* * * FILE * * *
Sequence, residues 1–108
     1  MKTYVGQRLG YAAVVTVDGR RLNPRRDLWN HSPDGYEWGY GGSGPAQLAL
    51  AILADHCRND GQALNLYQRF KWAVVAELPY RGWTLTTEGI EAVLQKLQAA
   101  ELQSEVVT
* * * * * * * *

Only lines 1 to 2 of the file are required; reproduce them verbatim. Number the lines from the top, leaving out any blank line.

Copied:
Sequence, residues 1–108
     1  MKTYVGQRLG YAAVVTVDGR RLNPRRDLWN HSPDGYEWGY GGSGPAQLAL